Wired magazine’s Brian Chen echoes some pervasive skepticism on Google’s Chrome OS.
I think there’s been a kneejerk reaction to the announcement regarding the lack of support for hard-drives, and the cloud model. Generally, the objection is that the cloud lacks privacy, the cloud is unpredictable and unreliable, the cloud requires users to abdicate control over their own data, etc.
I see this as a failure of imagination regarding what computing is and can be, and what the cloud is and can be.
The “cloud” can include network addressable storage and other dedicated hardware to handle the storing and processing of data on site (whether it is buisness data in a data center or a media collection in a media server at home.) These devices can be made more or less available over firewalls, within LANs etc. What the Chrome OS model does is to turn the netbook into an I/O and display device, and nothing more.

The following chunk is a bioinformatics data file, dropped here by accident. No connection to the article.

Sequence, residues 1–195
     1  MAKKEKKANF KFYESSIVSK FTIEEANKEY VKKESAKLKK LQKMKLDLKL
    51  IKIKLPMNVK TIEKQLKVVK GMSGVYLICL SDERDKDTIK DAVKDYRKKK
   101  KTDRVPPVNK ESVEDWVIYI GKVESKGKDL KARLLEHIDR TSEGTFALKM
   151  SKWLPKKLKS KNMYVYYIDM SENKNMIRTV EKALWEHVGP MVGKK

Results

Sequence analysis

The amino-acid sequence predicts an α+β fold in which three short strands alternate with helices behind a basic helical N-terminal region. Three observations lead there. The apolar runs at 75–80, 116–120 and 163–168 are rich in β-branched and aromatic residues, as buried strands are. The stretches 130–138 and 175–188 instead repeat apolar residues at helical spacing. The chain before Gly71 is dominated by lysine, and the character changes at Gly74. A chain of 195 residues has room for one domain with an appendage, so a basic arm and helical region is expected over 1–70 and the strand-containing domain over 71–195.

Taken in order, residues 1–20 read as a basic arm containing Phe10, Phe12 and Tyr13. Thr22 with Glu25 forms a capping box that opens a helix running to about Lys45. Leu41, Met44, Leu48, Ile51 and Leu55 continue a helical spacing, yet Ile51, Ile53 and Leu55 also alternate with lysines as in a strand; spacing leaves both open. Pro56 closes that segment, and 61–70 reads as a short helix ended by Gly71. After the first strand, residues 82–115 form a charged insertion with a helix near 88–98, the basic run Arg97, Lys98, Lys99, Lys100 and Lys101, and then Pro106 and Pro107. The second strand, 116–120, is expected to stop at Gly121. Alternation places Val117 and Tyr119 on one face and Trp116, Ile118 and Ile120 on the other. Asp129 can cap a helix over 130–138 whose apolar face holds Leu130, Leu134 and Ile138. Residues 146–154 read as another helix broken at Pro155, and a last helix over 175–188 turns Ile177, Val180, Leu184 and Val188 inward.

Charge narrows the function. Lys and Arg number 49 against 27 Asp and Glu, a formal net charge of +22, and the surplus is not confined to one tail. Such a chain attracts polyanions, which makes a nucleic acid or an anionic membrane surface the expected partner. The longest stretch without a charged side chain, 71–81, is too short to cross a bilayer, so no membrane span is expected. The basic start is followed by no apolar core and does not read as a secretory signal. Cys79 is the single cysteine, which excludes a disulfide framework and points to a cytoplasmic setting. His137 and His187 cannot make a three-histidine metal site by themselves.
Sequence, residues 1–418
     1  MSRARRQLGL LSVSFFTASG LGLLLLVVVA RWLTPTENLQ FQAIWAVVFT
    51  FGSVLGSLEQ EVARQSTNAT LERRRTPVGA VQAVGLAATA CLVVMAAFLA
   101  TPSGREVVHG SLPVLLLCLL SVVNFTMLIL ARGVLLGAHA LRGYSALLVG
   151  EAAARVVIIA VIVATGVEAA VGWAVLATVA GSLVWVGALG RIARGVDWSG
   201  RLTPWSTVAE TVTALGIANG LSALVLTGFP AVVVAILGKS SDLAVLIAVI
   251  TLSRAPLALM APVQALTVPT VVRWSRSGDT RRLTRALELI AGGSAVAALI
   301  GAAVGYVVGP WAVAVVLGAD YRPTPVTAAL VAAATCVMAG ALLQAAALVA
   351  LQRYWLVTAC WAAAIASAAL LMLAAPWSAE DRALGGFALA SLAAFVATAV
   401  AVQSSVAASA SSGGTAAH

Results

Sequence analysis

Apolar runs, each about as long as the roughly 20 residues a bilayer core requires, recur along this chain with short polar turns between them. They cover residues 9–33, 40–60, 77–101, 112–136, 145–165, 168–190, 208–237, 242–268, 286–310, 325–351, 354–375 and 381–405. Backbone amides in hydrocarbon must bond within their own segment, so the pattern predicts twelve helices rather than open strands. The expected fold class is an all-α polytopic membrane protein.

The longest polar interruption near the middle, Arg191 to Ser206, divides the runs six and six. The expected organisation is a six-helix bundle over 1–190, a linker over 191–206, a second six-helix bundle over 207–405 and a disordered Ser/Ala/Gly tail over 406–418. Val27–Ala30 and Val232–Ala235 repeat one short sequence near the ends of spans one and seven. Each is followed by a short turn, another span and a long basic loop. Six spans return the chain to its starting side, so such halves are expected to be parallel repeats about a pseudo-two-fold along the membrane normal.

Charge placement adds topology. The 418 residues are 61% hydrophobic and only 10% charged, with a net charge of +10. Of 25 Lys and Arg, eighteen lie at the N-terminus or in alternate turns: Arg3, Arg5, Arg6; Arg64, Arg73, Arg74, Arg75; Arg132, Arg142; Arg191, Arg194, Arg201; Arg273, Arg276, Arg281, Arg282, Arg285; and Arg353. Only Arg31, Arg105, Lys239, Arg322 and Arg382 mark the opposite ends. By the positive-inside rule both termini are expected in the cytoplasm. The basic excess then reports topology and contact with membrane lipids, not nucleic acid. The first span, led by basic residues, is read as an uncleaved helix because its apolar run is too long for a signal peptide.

In some ways, this is a fulfillment of the concept behind IPv6, and the collapse of the distinction between network I/O and device I/O. It has long been possible to access data one keeps at home or work through VPN tunneling, etc, but a framework for making this transparent and easily managed doesn’t exist yet. There is every reason to expect this framework to be a part of Chrome OS.
In other words, the only things I really need from my laptop are input devices (mouse, keyboard, camera, microphone) and output devices (display, speakers, audio jack, etc.) There is no reason for me to have my precious data sitting in the most vulnerable, most mobile devices in my own information-processing toolbox.